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ABSTRACT: Pain is prevalent in clinical settings, and yet it is relatively under-represented in the education of most students in the health professions. Because pain includes both sensory-discriminative and affective features, teaching students about pain presents unique challenges and opportunities. The present article describes the evolution of a new blueprint for clinical excellence that, among other competencies, incorporates a need for the emotional development of clinical trainees. The framework has been applied to the development and implementation of two new courses in pain. The first course is designed to provide a comprehensive foundation of medical knowledge regarding pain, while integratively introducing students to the affective dimensions of pain. The second course is designed to enhance students' appreciation for the protean effects of pain through use of the humanities to represent medical experience. It is concluded that, to be most effective, fostering the emotional development of trainees in the health professions necessitates the incorporation of affect-focused learning objectives, educational tasks, and assessment methods.Pain research & management: the journal of the Canadian Pain Society = journal de la societe canadienne pour le traitement de la douleur 01/2011; 16(6):421-6. · 1.04 Impact Factor
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ABSTRACT: There is increasing emphasis on distress and mild depression but uncertainty regarding how well general practitioners (GPs) identify these conditions. Further, the proportion of attendees suffering distress is also unclear. To quantify the rate of distress in primary care and to clarify the ability of GPs to identify distressed and/or mildly depressed individuals using their clinical skills. Meta-analysis of clinical recognition of distress and mild depression defined on a continuum (severity scale) or categorically (semi-structured interview). From 157 studies that examined the ability of GPs to diagnose any emotional or mental disorder, we identified 23 that focused on defined distress and 9 that reported on mild depression. The prevalence of broadly defined distress was 37.4% (n=23, 95% CI=29.5% to 45.5) although it was 47.3% (n=14, 95% CI=38.0% to 56.7%) using self-report methods. GPs correctly identified distressed individuals in 48.4% (n=21, 95% CI=42.6% to 54.2%) of presentations and identified non-distressed people in 79.4% (n=21, 95% CI=74.3% to 84.1%) of presentations without distress. GPs correctly identified 33.8% (95% CI=27.3% to 40.7%) of people with mild depression and had a detection specificity of 80.6% (95% CI=66.4% to 91.6%) for the non-depressed. Clinicians' ability to recognize mild depression was significantly lower than their ability to recognize moderate-severe depression. Out of 100 consecutive presentations, a typical GP making a single assessment would correctly identify 19 out of 39 people with distress, missing 20. He or she would correctly re-assure 48 out of 61 people without distress, falsely label 13 people as distressed. For mild depression, out of 100 consecutive presentations, a typical GP would correctly identify 4 out of 11 people with mild depression, missing 7. GPs would correctly re-assure 72 out of 89 people without distress, falsely diagnosing 19. Clinicians have considerable difficulty accurately identifying distress and mild depression in primary care with only one in three people correctly diagnosed. Clinicians are better able to identify distress than mild depression but success remains limited. However not all such individuals want professional help, and some people who are overlooked get help elsewhere, or improve spontaneously, therefore the implications of these detection problems are not yet clear.Journal of affective disorders 04/2011; 130(1-2):26-36. · 3.76 Impact Factor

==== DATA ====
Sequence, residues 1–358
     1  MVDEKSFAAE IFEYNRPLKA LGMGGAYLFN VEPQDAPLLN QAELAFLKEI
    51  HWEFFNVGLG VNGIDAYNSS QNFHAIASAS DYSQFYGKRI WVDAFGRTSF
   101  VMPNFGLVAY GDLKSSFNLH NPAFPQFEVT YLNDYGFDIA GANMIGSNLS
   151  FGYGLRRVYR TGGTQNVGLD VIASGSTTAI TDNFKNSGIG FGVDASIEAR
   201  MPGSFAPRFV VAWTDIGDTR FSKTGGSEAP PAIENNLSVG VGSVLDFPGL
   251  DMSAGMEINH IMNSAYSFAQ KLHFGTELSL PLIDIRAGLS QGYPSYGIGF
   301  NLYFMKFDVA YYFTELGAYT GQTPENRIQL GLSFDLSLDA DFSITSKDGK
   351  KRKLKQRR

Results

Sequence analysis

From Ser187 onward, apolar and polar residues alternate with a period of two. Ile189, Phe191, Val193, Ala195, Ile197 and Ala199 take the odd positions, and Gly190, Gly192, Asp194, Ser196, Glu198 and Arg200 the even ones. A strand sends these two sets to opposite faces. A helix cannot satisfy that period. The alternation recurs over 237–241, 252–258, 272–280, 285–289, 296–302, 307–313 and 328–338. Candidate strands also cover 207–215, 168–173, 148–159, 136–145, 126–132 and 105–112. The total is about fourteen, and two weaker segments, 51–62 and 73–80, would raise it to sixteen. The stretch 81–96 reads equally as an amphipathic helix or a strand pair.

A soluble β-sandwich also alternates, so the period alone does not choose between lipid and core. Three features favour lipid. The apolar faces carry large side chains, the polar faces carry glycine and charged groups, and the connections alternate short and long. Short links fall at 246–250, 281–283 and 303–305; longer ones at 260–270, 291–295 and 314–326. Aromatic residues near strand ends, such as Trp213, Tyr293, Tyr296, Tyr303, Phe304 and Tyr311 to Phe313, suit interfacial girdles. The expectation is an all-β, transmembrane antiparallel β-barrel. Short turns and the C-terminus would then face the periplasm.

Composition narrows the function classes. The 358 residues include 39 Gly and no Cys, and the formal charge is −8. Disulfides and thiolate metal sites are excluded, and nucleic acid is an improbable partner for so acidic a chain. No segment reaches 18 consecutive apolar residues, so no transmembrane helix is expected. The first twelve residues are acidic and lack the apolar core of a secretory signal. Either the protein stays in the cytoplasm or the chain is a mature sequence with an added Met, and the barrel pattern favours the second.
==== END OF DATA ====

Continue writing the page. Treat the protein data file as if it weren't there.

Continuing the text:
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ABSTRACT: Psychosocial problems in cancer patients are often unrecognized and untreated due to the low awareness of the existence of these problems or pressures of time. The awareness of the need to identify psychosocial problems in cancer patients is growing and has affected the development of screening instruments. This study explored the usefulness and feasibility of using a screening instrument (SIPP: Screening Inventory of Psychosocial Problems) to identify psychosocial problems in cancer patients receiving curative radiotherapy treatment (RT). The study was conducted in a radiation oncology department in The Netherlands. Several methods were used to document the usefulness and feasibility of the SIPP. Data were collected using self-report questionnaires completed by seven radiotherapists and 268 cancer patients. Regarding the screening procedure 33 patients were offered to consult a psychosocial care provider (e.g. social worker, psychologist) during the first consultation with their radiotherapist. Of these patients, 31 patients suffered from at least sub-clinical symptoms and two patients hardly suffered from any symptoms. Patients' acceptance rate 63.6% (21/33) was high. Patients were positive about the content of the SIPP (mean scores vary from 8.00 to 8.88, out of a range between 0 and 10) and about the importance of discussing items of the SIPP with their radiotherapist (mean score = 7.42). Radiotherapists' perspectives about the contribution of the SIPP to discuss the different psychosocial problems were mixed (mean scores varied from 3.17 to 4.67). Patients were more positive about discussing items of the SIPP if the radiotherapists had positive attitudes towards screening and discussing psychosocial problems. The screening procedure appeared to be feasible in a radiotherapy department. In general, patients' perspectives were at least moderate. Radiotherapists considered the usefulness and feasibility of the SIPP generally to be lower, but their evaluations were mixed. A positive attitude to using screening instruments like the SIPP needs to be encouraged among radiotherapists, as this may not only improve the usefulness of a screening instrument, but also patients' satisfaction with care. ClinicalTrials.gov: NCT00859768.BMC Cancer 11/2011; 11:479. · 3.33 Impact Factor